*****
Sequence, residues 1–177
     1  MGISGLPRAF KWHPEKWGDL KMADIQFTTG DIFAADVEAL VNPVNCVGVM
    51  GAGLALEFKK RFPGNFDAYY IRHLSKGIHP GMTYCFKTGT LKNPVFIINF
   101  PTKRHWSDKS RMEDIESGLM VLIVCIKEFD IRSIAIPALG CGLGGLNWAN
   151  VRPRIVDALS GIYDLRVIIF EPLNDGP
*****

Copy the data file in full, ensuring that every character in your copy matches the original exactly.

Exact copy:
Sequence, residues 1–177
     1  MGISGLPRAF KWHPEKWGDL KMADIQFTTG DIFAADVEAL VNPVNCVGVM
    51  GAGLALEFKK RFPGNFDAYY IRHLSKGIHP GMTYCFKTGT LKNPVFIINF
   101  PTKRHWSDKS RMEDIESGLM VLIVCIKEFD IRSIAIPALG CGLGGLNWAN
   151  VRPRIVDALS GIYDLRVIIF EPLNDGP